Dubner worries a lot about whether people comment on our posts, which is definitely evidence that he doesn’t have enough important things to worry about.
Every time I have made a post about baseball, it has unleashed a torrent of comments. So as an Easter gift to Dubner, here is my annual baseball post.
I’ve been working for the last year with a fantastic young man named Ken Kovash. He is unusual in that he got his MBA from the University of Chicago, but while doing so he also took a bunch of economics classes. After getting his MBA, he asked if he could come work with me, and although I told him he was crazy to pass up salaries four times greater than I could offer him, he decided to stick around and work with me anyway. We’ve spent a good part of the last year working on some baseball related projects, as well as some more traditional applications.
While our joint work on baseball is not yet ready for prime time (although baseball genius Nate Silver of Baseball Prospectus makes mention of one piece of it here), Ken has been doing some baseball-related analysis on his own that offers a substantial challenge to the conventional wisdom among sabermetricians. The particular issue Ken has been examining is “protection.” In other words, does it help me as a batter if the person in the on deck circle is really good? The existing research, by excellent folks like J.C. Bradbury who has a nice blog (and has written a book on the economics of baseball which I have not yet read but have heard great things about) argues that protection is a myth. When you look at the outcomes of at bats, you don’t see measurable effects of having a good batter behind you. In Ken’s research, which you can read here, he makes a nice economics-style argument. There is a lot of randomness in how an at bat turns out which makes it hard to detect an impact of protection even if it is really there. There is a lot less noise, however, in some of the inputs to an at bat, like whether the pitcher throws strikes. By focusing on how the pitcher pitches to the batter, rather than how the at bat actually ends, Ken is able to cut through the noise to find strong evidence that it seems to matter who bats behind you.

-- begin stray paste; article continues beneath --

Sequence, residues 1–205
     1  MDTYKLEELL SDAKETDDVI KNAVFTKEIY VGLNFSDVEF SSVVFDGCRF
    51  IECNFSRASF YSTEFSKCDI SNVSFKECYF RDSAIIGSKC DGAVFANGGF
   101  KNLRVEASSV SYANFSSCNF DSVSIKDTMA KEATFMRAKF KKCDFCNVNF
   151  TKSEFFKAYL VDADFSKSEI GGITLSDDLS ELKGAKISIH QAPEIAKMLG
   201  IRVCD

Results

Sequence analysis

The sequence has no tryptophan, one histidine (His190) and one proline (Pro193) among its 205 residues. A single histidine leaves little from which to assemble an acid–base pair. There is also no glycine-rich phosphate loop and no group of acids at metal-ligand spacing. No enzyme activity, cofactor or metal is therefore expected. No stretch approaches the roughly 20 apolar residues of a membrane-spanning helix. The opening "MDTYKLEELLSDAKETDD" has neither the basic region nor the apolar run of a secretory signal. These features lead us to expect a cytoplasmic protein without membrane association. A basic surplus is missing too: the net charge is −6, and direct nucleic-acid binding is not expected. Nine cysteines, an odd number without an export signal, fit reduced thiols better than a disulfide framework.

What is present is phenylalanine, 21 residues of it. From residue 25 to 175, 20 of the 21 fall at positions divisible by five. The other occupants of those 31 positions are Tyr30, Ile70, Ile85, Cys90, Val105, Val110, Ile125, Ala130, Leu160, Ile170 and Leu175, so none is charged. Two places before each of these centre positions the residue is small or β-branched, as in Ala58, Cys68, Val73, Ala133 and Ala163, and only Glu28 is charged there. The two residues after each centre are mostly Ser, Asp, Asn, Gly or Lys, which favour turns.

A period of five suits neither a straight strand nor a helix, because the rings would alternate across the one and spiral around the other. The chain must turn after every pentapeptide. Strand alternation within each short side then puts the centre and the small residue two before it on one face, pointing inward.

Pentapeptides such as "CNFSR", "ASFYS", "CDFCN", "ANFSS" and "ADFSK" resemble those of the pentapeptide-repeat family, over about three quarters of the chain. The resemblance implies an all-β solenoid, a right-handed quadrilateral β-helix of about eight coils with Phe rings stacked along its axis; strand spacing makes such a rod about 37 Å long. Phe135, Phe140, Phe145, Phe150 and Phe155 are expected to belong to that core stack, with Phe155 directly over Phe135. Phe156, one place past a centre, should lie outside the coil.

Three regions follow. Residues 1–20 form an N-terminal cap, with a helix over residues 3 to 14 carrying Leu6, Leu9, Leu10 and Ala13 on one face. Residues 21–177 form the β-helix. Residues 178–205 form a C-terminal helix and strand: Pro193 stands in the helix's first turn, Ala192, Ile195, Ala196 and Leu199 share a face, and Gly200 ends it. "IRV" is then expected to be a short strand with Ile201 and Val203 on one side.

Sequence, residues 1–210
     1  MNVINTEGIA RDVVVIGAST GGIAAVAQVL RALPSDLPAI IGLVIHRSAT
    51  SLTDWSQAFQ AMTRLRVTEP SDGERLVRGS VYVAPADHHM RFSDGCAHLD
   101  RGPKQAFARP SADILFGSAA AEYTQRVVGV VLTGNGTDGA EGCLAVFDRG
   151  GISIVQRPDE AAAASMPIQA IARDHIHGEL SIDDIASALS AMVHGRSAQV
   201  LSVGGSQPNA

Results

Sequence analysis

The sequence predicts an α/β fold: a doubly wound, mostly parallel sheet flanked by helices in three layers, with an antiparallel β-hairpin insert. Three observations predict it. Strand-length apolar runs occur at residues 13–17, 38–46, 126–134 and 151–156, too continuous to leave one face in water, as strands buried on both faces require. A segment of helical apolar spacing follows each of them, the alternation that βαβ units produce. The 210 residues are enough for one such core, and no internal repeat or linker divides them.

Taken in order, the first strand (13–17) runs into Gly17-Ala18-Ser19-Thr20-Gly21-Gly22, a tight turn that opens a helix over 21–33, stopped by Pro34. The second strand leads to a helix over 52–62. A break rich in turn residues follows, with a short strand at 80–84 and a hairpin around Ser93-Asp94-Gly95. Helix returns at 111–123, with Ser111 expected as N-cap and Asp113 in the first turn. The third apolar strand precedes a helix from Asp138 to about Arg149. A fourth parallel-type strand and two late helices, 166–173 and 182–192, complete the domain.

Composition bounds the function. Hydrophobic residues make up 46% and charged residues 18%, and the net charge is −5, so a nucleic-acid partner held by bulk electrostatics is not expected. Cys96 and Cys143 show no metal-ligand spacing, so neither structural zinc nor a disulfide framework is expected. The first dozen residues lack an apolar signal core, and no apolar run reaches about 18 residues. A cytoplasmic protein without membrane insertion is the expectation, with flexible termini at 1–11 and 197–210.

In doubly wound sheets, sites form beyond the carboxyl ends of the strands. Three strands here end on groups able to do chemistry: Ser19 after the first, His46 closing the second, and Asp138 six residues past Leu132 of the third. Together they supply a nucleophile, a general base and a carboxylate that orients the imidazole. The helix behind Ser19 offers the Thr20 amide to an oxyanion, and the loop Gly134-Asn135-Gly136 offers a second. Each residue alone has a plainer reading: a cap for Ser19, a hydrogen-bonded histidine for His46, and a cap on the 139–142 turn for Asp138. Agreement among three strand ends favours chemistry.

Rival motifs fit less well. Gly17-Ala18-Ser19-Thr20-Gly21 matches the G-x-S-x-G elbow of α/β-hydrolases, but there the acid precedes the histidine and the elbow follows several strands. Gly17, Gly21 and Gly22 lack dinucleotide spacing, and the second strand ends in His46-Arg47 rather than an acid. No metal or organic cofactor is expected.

After a year, Ken is pretty tired of me. So let me make a pitch on his behalf. Here is a guy with great work experience prior to his MBA, an MBA from the U of C, and a set of data skills honed through a year of working side-by-side with some top economists. I think there are very few folks anywhere who have the combination of skills that Ken has. As much as I would like him to stick around, somebody should steal him away from me! Ideally, it would be a major league baseball team that is looking for a guy who lives and breathes baseball, knows the existing sabermetric literature cold, but also brings a business perspective that goes far beyond his ability to manipulate statistics. Failing that, I think just about any firm would want to have Ken on their payroll. If you want more details, you can contact him directly at kkovash[at]gmail[dot]com.